Anesthesiology group raises execution concern in Mo.
Monday, September 30, 2013
By JIM SALTER
ST. LOUIS (AP) — Hundreds of Missouri anesthesiologists urged the state on Monday not to use propofol in an upcoming execution, saying the fallout could jeopardize the availability of the anesthetic relied on by thousands of U.S. hospitals and clinics.
The Missouri Society of Anesthesiologists statement followed an Associated Press report last week citing possible European export controls if propofol is used in a U.S. execution. Missouri is the only U.S. state where prison officials plan to use the powerful anesthetic for a lethal injection, citing a shortage in the drugs usually used for executions.
Propofol is far and away the most commonly used anesthetic in the U.S., and around 85 percent of it is made in Europe. The European Union opposes the death penalty and is weighing whether to limit export, raising concerns about a potential shortage in the U.S.
“We urge the Department of Corrections not to jeopardize the safety of over 50 million patients who rely on this critical medication for anesthesia during surgery each year,” MSA president Dr. Larry Petersen said in a statement.
“A shortage of this medication will take the medical specialty of anesthesiology back 20 years, leading to more complications in the operating room, an increased rate of nausea and vomiting after surgery, and extended time required to wake up from anesthesia after a procedure,” he said.
The MSA— which represents more than 800 physician anesthesiologists, along with their residents and assistants — said the debate is not about capital punishment, but simply about propofol.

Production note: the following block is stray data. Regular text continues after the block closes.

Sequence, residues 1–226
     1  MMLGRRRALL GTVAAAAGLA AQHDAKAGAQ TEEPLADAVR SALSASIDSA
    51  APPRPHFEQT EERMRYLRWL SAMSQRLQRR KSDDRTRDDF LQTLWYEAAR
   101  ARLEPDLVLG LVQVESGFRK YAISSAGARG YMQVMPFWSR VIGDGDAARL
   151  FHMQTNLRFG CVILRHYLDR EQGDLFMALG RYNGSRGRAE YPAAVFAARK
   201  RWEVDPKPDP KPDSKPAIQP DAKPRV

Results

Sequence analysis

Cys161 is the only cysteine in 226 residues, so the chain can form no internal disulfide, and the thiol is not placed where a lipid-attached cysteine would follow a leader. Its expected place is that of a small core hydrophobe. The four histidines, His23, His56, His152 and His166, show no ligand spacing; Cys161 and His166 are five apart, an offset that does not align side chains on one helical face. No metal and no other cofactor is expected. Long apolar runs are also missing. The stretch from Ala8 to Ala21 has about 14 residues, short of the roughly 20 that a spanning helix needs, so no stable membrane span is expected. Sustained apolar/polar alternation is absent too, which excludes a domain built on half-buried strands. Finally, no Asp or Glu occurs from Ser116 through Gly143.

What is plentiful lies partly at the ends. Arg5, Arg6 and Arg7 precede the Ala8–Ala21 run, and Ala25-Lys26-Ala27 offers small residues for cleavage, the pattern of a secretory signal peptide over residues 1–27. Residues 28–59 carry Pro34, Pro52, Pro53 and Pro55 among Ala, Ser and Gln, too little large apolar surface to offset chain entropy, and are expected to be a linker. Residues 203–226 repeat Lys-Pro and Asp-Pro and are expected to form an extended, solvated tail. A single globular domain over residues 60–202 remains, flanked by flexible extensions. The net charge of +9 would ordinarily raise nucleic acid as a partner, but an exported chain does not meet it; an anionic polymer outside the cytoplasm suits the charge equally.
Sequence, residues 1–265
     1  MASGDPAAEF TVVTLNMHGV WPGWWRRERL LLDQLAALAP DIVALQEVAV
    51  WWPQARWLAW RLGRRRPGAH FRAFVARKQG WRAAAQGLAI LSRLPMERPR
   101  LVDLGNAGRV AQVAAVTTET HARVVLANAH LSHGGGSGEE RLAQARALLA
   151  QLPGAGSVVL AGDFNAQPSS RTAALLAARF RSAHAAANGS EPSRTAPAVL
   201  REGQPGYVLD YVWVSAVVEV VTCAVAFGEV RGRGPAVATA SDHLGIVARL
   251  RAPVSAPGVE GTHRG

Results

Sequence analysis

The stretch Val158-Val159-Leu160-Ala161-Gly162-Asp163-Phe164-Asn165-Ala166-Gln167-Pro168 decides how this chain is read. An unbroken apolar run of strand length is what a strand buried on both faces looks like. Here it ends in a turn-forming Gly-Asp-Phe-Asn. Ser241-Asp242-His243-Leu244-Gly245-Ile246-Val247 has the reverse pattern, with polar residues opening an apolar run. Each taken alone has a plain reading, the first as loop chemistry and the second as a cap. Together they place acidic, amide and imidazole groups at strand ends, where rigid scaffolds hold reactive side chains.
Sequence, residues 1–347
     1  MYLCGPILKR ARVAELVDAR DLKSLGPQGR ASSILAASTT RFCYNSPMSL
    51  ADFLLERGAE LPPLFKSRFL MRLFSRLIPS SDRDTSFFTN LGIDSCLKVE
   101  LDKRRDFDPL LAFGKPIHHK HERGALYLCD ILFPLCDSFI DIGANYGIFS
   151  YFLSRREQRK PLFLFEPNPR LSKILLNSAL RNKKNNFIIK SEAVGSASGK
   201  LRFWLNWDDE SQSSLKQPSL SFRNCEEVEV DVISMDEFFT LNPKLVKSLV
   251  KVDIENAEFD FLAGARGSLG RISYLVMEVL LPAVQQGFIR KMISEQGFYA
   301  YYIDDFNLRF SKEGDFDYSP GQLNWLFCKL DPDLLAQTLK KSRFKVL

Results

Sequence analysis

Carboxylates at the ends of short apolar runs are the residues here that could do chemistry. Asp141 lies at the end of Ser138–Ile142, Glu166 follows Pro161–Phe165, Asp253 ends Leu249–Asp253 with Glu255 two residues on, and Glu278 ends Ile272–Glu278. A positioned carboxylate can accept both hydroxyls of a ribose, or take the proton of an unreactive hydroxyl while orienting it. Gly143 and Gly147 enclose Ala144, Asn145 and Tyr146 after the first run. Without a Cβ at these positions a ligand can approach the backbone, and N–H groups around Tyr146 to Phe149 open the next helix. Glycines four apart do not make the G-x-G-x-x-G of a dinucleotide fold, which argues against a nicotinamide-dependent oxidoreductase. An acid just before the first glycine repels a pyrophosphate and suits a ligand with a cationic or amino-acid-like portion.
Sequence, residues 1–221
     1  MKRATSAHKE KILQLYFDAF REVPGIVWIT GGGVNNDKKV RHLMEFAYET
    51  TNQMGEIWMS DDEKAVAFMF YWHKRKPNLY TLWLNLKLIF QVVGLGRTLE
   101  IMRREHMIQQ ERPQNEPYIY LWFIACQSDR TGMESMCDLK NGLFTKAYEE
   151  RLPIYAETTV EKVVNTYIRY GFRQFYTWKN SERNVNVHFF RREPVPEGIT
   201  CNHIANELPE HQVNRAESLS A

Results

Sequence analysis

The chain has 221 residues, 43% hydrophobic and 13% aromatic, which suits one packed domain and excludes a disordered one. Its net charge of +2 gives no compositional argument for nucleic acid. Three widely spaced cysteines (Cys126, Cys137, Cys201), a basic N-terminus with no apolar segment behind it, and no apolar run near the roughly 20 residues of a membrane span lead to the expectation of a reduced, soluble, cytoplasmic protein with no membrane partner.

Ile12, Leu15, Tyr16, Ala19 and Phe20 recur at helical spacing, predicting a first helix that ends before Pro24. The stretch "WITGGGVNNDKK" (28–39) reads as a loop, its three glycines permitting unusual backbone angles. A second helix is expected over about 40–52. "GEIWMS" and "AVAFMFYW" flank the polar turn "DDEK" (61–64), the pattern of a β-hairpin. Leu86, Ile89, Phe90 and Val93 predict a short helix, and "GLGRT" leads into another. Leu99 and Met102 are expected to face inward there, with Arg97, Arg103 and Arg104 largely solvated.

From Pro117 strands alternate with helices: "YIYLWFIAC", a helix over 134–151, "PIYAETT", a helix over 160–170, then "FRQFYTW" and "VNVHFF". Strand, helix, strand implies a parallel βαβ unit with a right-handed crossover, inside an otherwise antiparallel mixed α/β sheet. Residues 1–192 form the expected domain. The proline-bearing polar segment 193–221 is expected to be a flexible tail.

Messages seeking comment from Missouri Gov. Jay Nixon and the state Corrections Department were not immediately returned.
The German company that makes most of the propofol, Fresenius Kabi, launched a website specifically to address the ramifications of using propofol in a U.S. execution. The Food and Drug Administration has also expressed concern about any move that could affect access to propofol, calling it a “critical need.”
Until recently, Missouri and other states with the death penalty used virtually the same three-drug protocol. That changed as drug makers stopped selling the traditional execution drugs to prison officials because they didn’t want them used for lethal injections.
Missouri announced in 2012 that it was turning to propofol, though the state provided no explanation. Propofol has never been used in an execution in the U.S.
Missouri plans to use the drug for the first time during the Oct. 23 execution of Allen Nicklasson. He was convicted of killing a man who stopped to help after Nicklasson’s car broke down on a highway in 1994. In November, another death-row inmate, Joseph Franklin, is scheduled to die for a fatal 1997 shooting at a St. Louis-area synagogue.
The state has executed only two inmates since 2005, the last one in February 2011.
Missouri corrections spokesman David Owen has said the state has enough propofol for the two planned executions and one more, with the last batch expiring in February 2015.
A European Union regulation limits export of goods used in “capital punishment, torture or other cruel, inhuman or degrading treatment or punishment.” A review is under way to determine whether propofol should be subject to that rule, though it isn’t clear when a decision will be made.
If propofol is added to the list, supplies to U.S. hospitals and clinics would still be possible, but Fresenius Kabi spokesman Matt Kuhn said the company would have to apply for a separate export license for every shipment, significantly slowing the flow to the U.S. and creating a potential shortage.
Fresenius Kabi’s site addressing propofol issue: http://propofol-info.com
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